And while sleep fragmentation and excessive daytime sleepiness (the most common side effects of nocturnal asthma in children) match their adult counterparts, Cralle says accurate diagnosis and treatment are crucial for kids, as those same effects are associated with behavioral and developmental difficulties in kids. (12) (13

Tips for Reducing Nocturnal Asthma Symptoms 

To reduce nocturnal asthma symptoms, May suggests addressing reversible causes, such as “removing allergens from the bedroom, elevating your head, and controlling allergy and sinus symptoms.” 

Reduce allergens in your bedroom 

Indoor allergens can trigger or worsen asthma symptoms, so Cralle suggests “cleaning your bedroom regularly to reduce dust mites, mold, and pet dander, and consider upgrading to a vacuum with a high-efficiency particulate air (HEPA) filter.” 

Don’t allow pets in your bedroom

Speaking of pet dander, if nocturnal asthma is stealing your sleep, you might have to boot your furry bedmates. If sleeping without your pet is a non-starter, then be sure to wash your bed linens frequently in hot water, vacuum regularly, and invest in an air purifier. 

Treat underlying conditions

Whether we’re talking about dietary changes, medication, or CPAP therapy, those dealing with underlying conditions such as GERD or obstructive sleep apnea should consider taking steps to treat or control these conditions as best they can. 

Keep your inhaler close 

Your inhaler is your first line of defense against an asthma attack in the wee hours, so be sure to keep it next to your bed and easily within reach. 

Change your sleeping position 

If your asthma symptoms worsen at night, you might be surprised to hear that relief may be as easy as changing your sleeping position. The best sleeping position for nocturnal asthma is to prop yourself up with extra pillows—this helps keep your airways open and reduce your risk of a nighttime cough.

Treatments for Nocturnal Asthma 

There is no cure for nocturnal asthma, but there are plenty of treatments available to help you keep it under control. 

“Nocturnal asthma is treated the same way as asthma in general,” says May. “Typical treatments include fast-acting medicines called bronchodilators that relax and open the airways quickly (rescue medicines), and inhaled medicines such as long-acting bronchodilators and steroids, which work more slowly and steadily to control asthma (maintenance” medicines).” 

May adds that antihistamines and allergy shots are another alternative if allergies are a concern. 

For those dealing with both nocturnal asthma and sleep apnea, research shows that continuous positive airway pressure (CPAP) therapy can significantly improve symptoms. (1) 


What is the best treatment for nocturnal asthma?

The best treatment for nocturnal asthma may be a combination of lifestyle changes and pharmacological treatments.

What is the best sleeping position for nocturnal asthma?

The best sleeping position for nocturnal asthma is to prop yourself up with extra pillows—this helps keep your airways open and reduce your risk of a nighttime cough.

The Last Word 

Nocturnal asthma is essentially asthma that occurs at night, often interfering with your sleep. There is no cure, but a combination of lifestyle changes and medications could help you get improved rest.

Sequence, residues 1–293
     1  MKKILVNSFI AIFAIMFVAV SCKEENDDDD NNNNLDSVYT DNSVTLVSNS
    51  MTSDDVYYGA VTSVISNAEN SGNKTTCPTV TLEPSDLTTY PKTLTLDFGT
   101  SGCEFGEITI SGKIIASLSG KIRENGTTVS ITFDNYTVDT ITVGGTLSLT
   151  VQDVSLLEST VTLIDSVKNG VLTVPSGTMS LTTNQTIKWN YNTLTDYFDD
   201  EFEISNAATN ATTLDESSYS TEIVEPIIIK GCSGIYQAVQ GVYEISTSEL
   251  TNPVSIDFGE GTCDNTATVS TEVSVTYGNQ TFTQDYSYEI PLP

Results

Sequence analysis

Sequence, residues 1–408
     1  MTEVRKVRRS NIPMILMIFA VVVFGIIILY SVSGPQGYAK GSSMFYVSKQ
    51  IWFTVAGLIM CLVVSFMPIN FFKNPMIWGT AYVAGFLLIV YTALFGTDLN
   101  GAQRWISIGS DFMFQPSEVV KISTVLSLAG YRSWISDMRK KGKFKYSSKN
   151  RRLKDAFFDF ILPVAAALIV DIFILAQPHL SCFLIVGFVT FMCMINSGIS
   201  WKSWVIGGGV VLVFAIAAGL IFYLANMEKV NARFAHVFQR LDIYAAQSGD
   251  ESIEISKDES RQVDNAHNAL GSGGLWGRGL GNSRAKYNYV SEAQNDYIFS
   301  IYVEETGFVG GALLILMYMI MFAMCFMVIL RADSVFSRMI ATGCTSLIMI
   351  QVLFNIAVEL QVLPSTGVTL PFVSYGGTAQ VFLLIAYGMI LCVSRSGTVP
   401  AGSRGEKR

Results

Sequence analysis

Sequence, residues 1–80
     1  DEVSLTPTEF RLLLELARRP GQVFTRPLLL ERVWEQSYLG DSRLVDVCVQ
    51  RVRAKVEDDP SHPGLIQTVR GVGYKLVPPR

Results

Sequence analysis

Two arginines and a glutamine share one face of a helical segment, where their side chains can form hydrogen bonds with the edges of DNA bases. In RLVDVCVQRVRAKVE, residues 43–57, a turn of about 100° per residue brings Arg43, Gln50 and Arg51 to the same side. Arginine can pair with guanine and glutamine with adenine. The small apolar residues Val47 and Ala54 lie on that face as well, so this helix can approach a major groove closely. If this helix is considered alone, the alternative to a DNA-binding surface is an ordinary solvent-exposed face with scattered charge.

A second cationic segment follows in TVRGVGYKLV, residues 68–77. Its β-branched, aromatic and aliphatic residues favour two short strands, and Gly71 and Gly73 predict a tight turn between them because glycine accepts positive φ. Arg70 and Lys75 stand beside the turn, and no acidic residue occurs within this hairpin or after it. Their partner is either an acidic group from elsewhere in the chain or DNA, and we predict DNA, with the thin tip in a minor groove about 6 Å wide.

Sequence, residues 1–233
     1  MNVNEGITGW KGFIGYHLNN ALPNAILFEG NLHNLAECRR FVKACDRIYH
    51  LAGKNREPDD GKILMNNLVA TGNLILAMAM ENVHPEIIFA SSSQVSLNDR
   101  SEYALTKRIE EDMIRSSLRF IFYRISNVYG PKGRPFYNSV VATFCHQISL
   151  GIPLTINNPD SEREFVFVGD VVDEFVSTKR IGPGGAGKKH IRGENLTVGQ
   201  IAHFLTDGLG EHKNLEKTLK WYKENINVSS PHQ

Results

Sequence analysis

1. Nocturnal asthma – (n.d.-a). 
  2. Luyster FS, Shi X, Baniak LM, Morris JL, Chasens ER. Associations of sleep duration with patient-reported outcomes and health care use in US adults with asthma. Ann Allergy Asthma Immunol. 2020;125(3):319-324. doi:10.1016/j.anai.2020.04.035
  3. Hu Z, Song X, Hu K. The Effect of Short Sleep Duration on the Development of Asthma. Int J Clin Pract. 2022;2022:3378821. Published 2022 May 16. doi:10.1155/2022/3378821
  4. Garza N, Witmans M, Salud M, Lagera PGD, Co VA, Tablizo MA. The Association between Asthma and OSA in Children. Children (Basel). 2022;9(10):1430. Published 2022 Sep 21. doi:10.3390/children9101430
  5. Slowik JM, Sankari A, Collen JF. Obstructive Sleep Apnea. [Updated 2022 Dec 11]. In: StatPearls [Internet]. Treasure Island (FL): StatPearls Publishing; 2024 Jan-. Available from:
  6. Nosetti L, Gozal D. Exploring the bidirectional relationship between asthma and obstructive sleep apnea in Brazilian pediatric patients: one more piece to the Puzzle. J Pediatr (Rio J). 2024;99(5):423-424. doi:10.1016/j.jped.2023.05.004
  7. Azhu Han a, a, b, c, d, & AbstractBackgroundThere is rapidly growing evidence indicating that extreme temperature is a crucial trigger and potential activator of asthma; however. (2022, October 5). Asthma triggered by extreme temperatures: From epidemiological evidence to biological plausibility. Environmental Research. 
  8. Administrator. (2021, July 28). Sulfite Sensitivity Frequently asked questions (FAQ). Sulfite Sensitivity FAQ – Australasian Society of Clinical Immunology and Allergy (ASCIA). 
  9. Benjamin J. Ulrich et al.,Allergic airway recall responses require IL-9 from resident memory CD4<sup>+</sup> T cells.Sci. Immunol.7,eabg9296(2022).DOI:10.1126/sciimmunol.abg9296
  10. Centers for Disease Control and Prevention. (2009, April 24). CDC – asthma – parents. Centers for Disease Control and Prevention. 
  11. Centers for Disease Control and Prevention. (2018, February 8). Vital signs: Asthma in children – United States, 2001–2016. Centers for Disease Control and Prevention. 
  12. Garza N, Witmans M, Salud M, Lagera PGD, Co VA, Tablizo MA. The Association between Asthma and OSA in Children. Children (Basel). 2022;9(10):1430. Published 2022 Sep 21. doi:10.3390/children9101430
  13. Hosokawa R, Tomozawa R, Fujimoto M, et al. Association between sleep habits and behavioral problems in early adolescence: a descriptive study. BMC Psychol. 2022;10(1):254. Published 2022 Nov 5. doi:10.1186/s40359-022-00958-7

          Cralle, Terry. Personal Interview. October 12, 2024. 

          May, Monique. Personal Interview. October 11, 2024.

Sharon Brandwein

Sharon Brandwein

Sharon Brandwein is a Certified Sleep Science Coach and a freelance writer. She specializes in health and beauty, parenting, and of course, all things sleep. Sharon’s work has also appeared on ABC News, USAToday, and Forbes. When she’s not busy writing, you might find her somewhere curating a wardrobe for her puppy.